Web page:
Posted for Richard Van Noorden from The Great Beyond
More than one-fifth of the carbon dioxide produced by China in 2004 was emitted to provide goods and services for non-Chinese consumers, mainly in western Europe, the United States and Japan.
The statistic comes from the latest study to look at an alternative style of carbon accounting — one that assigns CO2 emissions to the consumers responsible for them. By contrast, inventories such as those reported under the United Nations Framework Convention on Climate Change (UNFCCC) simply tally the amount of gas each country produces.
Ken Caldeira and Steve Davis, of the Carnegie Institution of Washington, in Stanford, California, published their findings this week in PNAS. The most comprehensive of its kind, the analysis takes trade figures from 113 countries across 57 industry sectors and finds that 23% of global CO2 emissions (or 6.2 billion tonnes of CO2) was traded internationally in 2004.
“Instead of looking at carbon dioxide emissions only in terms of what is released inside our borders, we also looked at the amount of carbon dioxide released during the production of the things that we consume,” says Caldeira (press release). “Just like the electricity that you use in your home probably causes CO2 emissions at a coal-burning power plant somewhere else, we found that the products imported by the developed countries of western Europe, Japan, and the United States cause substantial emissions in other countries, especially China.”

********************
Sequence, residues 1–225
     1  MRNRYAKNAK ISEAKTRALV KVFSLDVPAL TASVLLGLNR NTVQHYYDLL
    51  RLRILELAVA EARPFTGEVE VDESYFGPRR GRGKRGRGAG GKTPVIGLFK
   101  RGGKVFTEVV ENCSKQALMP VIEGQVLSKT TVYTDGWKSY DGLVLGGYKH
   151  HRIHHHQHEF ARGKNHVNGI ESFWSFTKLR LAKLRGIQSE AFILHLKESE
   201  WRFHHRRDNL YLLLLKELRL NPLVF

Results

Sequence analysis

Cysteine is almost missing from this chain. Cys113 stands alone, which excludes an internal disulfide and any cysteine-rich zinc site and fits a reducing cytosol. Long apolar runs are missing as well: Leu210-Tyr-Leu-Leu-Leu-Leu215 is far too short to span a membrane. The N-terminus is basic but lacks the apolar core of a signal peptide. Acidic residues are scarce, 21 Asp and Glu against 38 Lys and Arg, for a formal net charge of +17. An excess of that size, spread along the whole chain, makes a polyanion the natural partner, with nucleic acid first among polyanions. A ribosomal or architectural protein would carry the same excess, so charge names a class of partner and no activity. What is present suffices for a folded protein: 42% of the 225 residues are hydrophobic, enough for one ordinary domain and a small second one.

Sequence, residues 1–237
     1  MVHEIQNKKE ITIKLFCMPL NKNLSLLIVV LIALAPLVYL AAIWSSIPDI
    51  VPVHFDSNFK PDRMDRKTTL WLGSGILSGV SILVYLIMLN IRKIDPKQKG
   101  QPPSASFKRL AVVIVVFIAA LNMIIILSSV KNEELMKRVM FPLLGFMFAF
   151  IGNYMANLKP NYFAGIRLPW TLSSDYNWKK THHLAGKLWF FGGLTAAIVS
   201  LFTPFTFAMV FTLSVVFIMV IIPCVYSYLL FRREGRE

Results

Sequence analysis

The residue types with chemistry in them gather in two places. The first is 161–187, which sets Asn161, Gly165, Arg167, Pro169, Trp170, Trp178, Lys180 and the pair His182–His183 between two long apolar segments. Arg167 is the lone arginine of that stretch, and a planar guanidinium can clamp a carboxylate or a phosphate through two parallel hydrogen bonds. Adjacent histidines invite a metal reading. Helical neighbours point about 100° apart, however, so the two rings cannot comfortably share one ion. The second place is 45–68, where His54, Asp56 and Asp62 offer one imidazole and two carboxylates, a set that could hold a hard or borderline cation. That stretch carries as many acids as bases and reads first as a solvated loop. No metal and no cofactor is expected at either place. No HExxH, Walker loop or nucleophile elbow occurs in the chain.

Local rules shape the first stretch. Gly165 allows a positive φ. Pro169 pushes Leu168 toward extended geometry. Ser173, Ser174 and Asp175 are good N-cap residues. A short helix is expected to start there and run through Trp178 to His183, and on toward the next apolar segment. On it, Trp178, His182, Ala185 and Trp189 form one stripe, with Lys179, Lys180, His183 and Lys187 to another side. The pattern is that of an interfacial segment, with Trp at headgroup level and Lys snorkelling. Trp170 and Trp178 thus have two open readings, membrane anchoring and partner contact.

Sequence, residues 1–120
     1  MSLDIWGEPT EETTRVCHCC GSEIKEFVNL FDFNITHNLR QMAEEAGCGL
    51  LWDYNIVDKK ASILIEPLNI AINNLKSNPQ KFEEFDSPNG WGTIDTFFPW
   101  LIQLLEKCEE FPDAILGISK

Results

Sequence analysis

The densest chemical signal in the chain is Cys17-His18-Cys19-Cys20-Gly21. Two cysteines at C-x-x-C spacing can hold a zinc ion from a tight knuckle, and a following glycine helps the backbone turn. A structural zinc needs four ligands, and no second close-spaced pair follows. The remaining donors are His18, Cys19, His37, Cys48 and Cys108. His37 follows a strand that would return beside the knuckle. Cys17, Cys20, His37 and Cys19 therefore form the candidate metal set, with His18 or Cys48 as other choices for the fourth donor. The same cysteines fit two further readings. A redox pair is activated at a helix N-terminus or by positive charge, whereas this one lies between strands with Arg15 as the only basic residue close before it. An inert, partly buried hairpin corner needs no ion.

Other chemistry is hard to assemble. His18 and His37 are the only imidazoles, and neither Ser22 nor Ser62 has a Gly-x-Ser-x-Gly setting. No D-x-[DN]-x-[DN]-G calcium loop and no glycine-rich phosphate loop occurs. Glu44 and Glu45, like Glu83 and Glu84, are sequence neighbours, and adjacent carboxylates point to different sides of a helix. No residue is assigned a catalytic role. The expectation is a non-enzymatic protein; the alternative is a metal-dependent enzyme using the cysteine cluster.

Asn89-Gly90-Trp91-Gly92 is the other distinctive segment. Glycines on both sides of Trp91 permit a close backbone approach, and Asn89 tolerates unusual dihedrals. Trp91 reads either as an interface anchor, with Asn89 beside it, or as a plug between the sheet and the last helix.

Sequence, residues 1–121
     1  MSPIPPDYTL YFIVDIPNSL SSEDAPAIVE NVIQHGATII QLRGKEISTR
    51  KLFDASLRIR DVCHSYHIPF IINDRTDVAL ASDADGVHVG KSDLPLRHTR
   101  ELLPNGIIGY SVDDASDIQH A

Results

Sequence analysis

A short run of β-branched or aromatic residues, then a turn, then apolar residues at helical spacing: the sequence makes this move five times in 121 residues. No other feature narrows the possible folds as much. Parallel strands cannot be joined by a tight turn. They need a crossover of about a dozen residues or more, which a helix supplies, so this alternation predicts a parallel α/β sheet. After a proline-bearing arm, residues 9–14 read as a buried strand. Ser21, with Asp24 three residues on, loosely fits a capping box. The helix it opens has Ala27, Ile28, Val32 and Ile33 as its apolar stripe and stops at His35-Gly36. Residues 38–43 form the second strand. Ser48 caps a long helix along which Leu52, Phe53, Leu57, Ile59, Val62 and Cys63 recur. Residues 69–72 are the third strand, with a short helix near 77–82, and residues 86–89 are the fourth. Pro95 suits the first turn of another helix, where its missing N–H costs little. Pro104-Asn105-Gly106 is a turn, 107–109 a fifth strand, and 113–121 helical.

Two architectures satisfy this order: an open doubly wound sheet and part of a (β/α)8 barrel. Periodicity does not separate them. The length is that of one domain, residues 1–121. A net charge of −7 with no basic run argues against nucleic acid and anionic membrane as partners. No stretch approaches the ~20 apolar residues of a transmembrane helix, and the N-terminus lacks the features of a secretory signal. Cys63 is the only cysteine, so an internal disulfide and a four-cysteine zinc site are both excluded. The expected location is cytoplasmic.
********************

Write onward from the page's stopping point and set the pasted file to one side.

In some wealthy countries, including Britain and France, more than 30% of consumption-based emissions are imported; in the United States, the figure is 11%. Caldeira thinks that the UNFCCC’s production-based inventories should be supplemented with figures that track where the carbon is ultimately being consumed.
Dieter Helm, an economist at the University of Oxford who has previously published papers showing that much of the UK’s carbon footprint is produced overseas, says that the new study “highlights that Europe and the US are flattered by their CO2 production numbers”.
“What the authors fail to conclude is that the Kyoto based approach is very badly flawed, and that at Copenhagen the European and US offers for production reductions did not reflect their full carbon footprint,” says Helm. “Such considerations also make the case for a border carbon tax very strongly.”
Image: flow of emissions among major exporting and importing countries (megatons) / Steven Davis/Carnegie Institution for Science.